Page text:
Thanks for the links. Very interesting! I hope you don't mind if I
query something in your introduction:
> Fyrsti war lumbær oc af hanum æru lums lagh calleðþ. Fore þy at han
sighs hawæ huxæt oc gørt mykin loth aff laghum warum. Han war føðær i
wangum oc þær liggær han i enom collæ fore þy at han war heðþen.
> "First was Lumbær (lawman) and Lum's laws are named after him
because he is said to have remembered and composed a large part of our
laws. He was born i Vånga and there he lies buried in a mound because
he was heathen".
I could be mistaken, but I was just wondering whether 'huxæt' might,
in this instance, mean something like "considered, conceived,
contemplated, thought out, devised"? Cf. 'uttänka' among Söderwall's
definitions. Unfortunately the only mention of laws that I could find
in Söderwall's entry for 'hughsa' involves a slightly different
context, where the laws already exist: ok huxsadhe ey sua atuaktelica
the laghin som kallas kirkionna lagh "and did not consider so
carefully the law which is called The Law of the Church" (Heliga
Birgittas uppenbarelser [ http://spraakdata. gu.se/ktext/ birg3.html ]).
Meanwhile I look forward to reading the rest.
--- In norse_course@ yahoogroups. com, "Paul Peterson"
<viking_hearted@ ...> wrote:
> I know that not everyone is aware of, or has had any experience with
> other dialects of Old Norse, but here is one often neglected Old
> Swedish (Old West-Gautish, to be precise) text, the first extant text
> in Old Swedish.
http://books. google.com/ books?id= aZgyAAAAIAAJ& printsec= titlepage& dq=editions: 05VFRSSnJBX2k4sx #PPP7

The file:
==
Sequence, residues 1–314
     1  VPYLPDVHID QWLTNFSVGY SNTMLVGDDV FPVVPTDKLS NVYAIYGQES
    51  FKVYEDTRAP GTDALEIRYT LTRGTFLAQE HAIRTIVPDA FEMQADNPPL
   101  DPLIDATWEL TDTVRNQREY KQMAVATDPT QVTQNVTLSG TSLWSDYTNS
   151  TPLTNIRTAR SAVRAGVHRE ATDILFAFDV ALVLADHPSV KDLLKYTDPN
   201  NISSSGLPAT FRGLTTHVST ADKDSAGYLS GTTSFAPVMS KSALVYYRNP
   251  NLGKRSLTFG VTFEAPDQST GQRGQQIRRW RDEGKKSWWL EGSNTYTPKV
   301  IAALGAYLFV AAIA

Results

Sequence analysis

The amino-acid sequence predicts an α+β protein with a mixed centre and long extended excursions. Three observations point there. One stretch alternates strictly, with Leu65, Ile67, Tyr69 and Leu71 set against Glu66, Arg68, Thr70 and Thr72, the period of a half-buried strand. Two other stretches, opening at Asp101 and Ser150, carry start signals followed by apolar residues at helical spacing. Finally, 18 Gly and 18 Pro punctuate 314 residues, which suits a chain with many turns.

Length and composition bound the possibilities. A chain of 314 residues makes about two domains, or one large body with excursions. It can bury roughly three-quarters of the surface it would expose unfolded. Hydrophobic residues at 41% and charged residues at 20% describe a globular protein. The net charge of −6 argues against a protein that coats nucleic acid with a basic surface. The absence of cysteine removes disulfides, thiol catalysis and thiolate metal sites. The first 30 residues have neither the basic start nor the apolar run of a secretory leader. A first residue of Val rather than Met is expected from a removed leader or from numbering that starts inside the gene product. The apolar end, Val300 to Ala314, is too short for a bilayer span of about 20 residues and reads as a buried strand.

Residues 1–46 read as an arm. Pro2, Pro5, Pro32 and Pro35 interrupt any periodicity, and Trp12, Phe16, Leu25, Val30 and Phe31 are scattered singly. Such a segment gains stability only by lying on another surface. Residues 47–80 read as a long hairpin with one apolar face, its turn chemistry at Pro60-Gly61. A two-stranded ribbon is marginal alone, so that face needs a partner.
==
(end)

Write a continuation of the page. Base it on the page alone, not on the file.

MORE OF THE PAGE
> I have a translated "edition" of the most famous section (found in
> Gordon's "Introduction to Old Norse") of The Older West-Gautish (or
> Geatish) Law on my school webpage. My undergraduate senior thesis was
> a translation, with full introduction, commentary, glossary, and
> http://www.tc. umn.edu/~ pete2581/ Complete% 20Project% 20(Word%202003) .pdf
> I encourage anyone who has learned a significant amount of Old Norse,
> that is primarily Old Icelandic, to read some texts from other
> dialects, like the one I'm providing above. Also, there is Gutasaga
> and Gutalag for an even more strange East Norse dialect. Let me know
> what you all think. I am a graduate student in Germanic medieval
> studies, and my next major thesis will probably be on a comparison of
> the Older West-Gautish law with Grágás (which is incredibly lengthy)
> by comparison, as well as a significant commentary on pre-Christian
> Scandinavian and Germanic legal tradition. Let me know what you all
> think. Í friði,
Never miss a thing. Make Yahoo your homepage.